As many artists became part of the larger global network, they were no longer able to identify with their culture alone––this left many asking what it means to be Latin American. Brazilian art legend Nelson Leirner illustrates this idea through his work Untitled (from the series Assim é… se lhe parece… (Right You Are if You Think You Are)) (2003). Leirner uses cartoons to interrogate the relationship between North and South America by pairing two maps of the continents collaged with stickers of Day of the Dead (a traditional Mexican holiday), dancing skeletons and Mickey and Minnie Mouse. The accumulation of skeletons evoke the dead, and perhaps the “disappeared” victims of repression in Latin America, while the grinning characters of Disney threaten an impending homogenous culture. Cuban-born artist Ana Mendieta‘s self-portrait Untitled (1975), morphs her human form into an abstraction of a childhood memory, before her 1961 departure from Cuba as part of the Peter Pan Operation that brought Cuban children to the U.S. While she could no longer physically visit her homeland, the geometries of her recording revisit her roots.
« Since the mid-20th century until now there has been an increased interest in Latin American art production, but it has been only during the last 10 years that the presence of artists from Latin America has become widespread in every single important international event including biennials, museums and private collections, magazines and galleries,” said Jesús Fuenmayor, CIFO Director and Chief Curator. “For CIFO, this is our most ambitious exhibition project to date in contributing to the promotion and knowledge of the art of this region. »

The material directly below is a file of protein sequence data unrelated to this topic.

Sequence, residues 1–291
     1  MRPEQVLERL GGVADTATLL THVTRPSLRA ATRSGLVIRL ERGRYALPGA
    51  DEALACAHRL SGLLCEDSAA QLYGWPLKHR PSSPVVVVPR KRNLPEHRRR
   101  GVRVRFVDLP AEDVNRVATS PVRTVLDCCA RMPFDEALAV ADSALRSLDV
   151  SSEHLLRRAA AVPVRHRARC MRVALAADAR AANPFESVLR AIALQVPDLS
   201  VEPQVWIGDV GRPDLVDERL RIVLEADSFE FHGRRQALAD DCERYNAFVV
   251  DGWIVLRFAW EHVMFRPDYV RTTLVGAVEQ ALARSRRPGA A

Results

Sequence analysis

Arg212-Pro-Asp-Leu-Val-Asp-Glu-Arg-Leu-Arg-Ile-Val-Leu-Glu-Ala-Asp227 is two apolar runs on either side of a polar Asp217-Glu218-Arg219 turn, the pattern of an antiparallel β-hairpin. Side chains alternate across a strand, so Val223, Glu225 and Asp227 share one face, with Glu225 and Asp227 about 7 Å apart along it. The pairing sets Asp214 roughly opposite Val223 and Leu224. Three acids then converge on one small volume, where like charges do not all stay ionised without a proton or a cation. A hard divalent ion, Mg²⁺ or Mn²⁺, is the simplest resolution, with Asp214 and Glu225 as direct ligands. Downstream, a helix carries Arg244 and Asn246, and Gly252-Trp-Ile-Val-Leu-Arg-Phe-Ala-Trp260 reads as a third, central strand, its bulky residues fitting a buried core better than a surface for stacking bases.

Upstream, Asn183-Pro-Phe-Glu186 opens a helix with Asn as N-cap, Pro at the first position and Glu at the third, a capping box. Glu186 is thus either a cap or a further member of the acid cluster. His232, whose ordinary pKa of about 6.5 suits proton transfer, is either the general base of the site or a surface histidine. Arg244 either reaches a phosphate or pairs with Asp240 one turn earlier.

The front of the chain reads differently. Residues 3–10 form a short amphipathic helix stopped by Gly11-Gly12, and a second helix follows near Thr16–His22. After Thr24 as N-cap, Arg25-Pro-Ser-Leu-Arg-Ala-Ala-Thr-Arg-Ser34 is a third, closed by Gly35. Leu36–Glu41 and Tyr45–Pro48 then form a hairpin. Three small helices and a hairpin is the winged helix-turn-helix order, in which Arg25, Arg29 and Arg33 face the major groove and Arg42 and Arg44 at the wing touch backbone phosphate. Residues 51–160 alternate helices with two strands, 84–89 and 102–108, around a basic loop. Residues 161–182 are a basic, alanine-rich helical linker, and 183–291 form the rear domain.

Permission To Be Global/Prácticas Globales is organized into four sections: “Power Parodied,” “Borders Redefined,” “Occupied Geometries” and “Absence Accumulated.” Through these themes, the exhibition considers artists’ distinct strategies for communication in both local and international contexts. Their unique visual languages undermine the status quo, defy boundaries, humanize art’s abstractions and revisit forgotten histories. Together, they offer an alternative understanding of what it means “to be global” today.
“Power Parodied” explores how artists call attention to unjust social realities through exaggerations of scale, extreme repetition, ironic references to the status quo and outlandish ideas for escaping social ills. Cuban artist Yoan Capote’s two-channel video Afterwords/Epílogo (2011) presents an absurd yet poetically evocative commentary on an unnamed story. The image—a young and elderly man both with sewage plungers at their ears—suggests how certain information blocks clear hearing (or thinking) and must be extracted. In Argentinean Sergio Vega’s piece Structuralist Study of Poverty (Potato, Onion, Garlic)(2002), Vega tops model-size shacks with a potato, onion and garlic (nutritional staples in the Americas) on pedestals of varied heights to evoke economic bar graphs that measure poverty levels. Costa Rican Priscilla Monge suggests an institutionally mandated detention and the forced repetition of a lesson in her chalkboard drawing No debo perder la cordura (I Should Not Lose my Sanity) (1999).